Energy Performance Certificates (EPC)
To obtain the RHI payment you need the completed MCS form from the installer of your heating system and an up to date EPC. The EPC rating has some influence on the size of your RHI payment. But it does not truly reflect the actual efficiency in use which is what really counts.
My experience with a ground up restoration of a Cotswold Cottage was that the EPC rating system (a tick box exercise on a laptop by the inspector) is weighted against old buildings. We had a mix of refurb and new build. The exisiting walls were stone and two feet thick. We insulated these internally with Cellotex, behind plasterboard. The new build was clearly cavity wall with insulation. The rest of the work involved the ASHP, underfloor heating, double glazing and LED lighting. The resulting EPC rating was only D+. We missed a C rating for not also having solar PV. The 20 year payback period on the Solar PV was just too long to justify. The PV panels would wear out and be technologically obsolete long before then.
My house is far more energy efficient than those on a new housing estate nearby . They are still being connected to the gas grid and have a better EPC than mine. Sour grapes!
Grant Aerona HPID10 10kWh ASHP
The EPC system is a bit of a farce.
I'm aware of people who issue some EPC's without even visiting the property 🤣
There is a massaging of numbers that goes on to make reports look better/worse depending on what you need for RHI or other things and many aspects of insulation/build are "assumed" on reports as being there without actually confirming this is the case.
For me the most important aspect of a properties efficiency is air tightness - something that we rarely test in the UK. The air tightness test exposes bad construction. If all new homes/extensions had to pass an air tightness test you would soon see a large improvement in efficiency and reduced energy consumption.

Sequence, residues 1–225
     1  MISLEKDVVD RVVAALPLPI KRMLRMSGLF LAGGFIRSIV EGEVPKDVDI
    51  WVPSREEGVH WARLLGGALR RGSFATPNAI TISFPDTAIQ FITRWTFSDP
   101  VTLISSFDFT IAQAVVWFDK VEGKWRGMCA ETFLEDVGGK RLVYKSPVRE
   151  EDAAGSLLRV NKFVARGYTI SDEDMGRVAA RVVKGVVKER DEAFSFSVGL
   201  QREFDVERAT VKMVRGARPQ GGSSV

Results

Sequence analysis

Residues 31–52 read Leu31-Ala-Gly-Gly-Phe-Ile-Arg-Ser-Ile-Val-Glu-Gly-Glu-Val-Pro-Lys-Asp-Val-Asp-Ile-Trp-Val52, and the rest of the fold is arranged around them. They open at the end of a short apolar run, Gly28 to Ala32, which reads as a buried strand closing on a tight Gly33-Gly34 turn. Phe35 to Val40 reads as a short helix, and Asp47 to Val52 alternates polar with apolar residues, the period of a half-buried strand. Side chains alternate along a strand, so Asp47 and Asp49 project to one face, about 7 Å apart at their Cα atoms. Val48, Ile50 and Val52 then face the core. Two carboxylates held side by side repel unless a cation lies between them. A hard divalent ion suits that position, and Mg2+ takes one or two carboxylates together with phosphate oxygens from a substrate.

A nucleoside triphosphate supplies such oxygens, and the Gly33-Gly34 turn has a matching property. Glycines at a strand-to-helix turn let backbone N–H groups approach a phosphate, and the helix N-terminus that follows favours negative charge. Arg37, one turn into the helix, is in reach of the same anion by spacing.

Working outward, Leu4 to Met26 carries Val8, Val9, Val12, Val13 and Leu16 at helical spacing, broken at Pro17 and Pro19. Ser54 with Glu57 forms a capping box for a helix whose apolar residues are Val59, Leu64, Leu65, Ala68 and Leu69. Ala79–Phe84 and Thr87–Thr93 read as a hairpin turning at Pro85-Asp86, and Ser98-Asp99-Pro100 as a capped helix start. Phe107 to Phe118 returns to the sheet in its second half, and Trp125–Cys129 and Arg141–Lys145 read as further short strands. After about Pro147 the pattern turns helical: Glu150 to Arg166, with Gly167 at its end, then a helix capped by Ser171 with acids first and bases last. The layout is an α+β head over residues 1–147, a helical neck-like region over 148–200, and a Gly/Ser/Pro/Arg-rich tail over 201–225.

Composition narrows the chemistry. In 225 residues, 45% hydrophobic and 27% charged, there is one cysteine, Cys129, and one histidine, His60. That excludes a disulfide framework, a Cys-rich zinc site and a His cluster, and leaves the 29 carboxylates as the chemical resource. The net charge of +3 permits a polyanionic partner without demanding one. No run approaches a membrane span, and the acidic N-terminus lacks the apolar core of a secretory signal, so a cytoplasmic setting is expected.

Mitsubishi Ecodan 14kw ASHP + 500l Cylinder
Hi Mike and George
on the solar PV, fitting the most number of panels you can and getting a battery gives a payback of about 10 years. Solar PV panels last 25 years plus (guaranteed to be 80% efficient after that time. The panels don’t fail. But connectors can need replacement (high DC current). Inverters have to be replaced (although the solar edge ones are guaranteed 25 years too)
EPC does seem to be a bit of a game. My 20 year old bungalow was assessed as B. We had doubled loft insulation to 300mm. Triple glazed. Plugged drafts. New oil boiler. 4kW solar PV. It is just a continuous improvement of building fabric.
After the ASHP, I think a new front and back door will be next.
Daikin Altherma 3H HT 18kW ASHP with Mixergy h/w cylinder; 4kW solar PV with Solic 200 electric diverter; Honda e and Hyundai Ioniq 5 P45 electric vehicles with Myenergi Zappi mk1 charger
Just has the EPC done to qualify for the RHI - Rating A, Score 93. W/m2 heating 34
This means we qualify for the RHI and also we will get the full RHI
Sounds good. You will be fine; we're a 60 D, 21073/2644 kWh for heating/HW and our ASHP seems to work well.
How did you work out W/m2 from the EPC?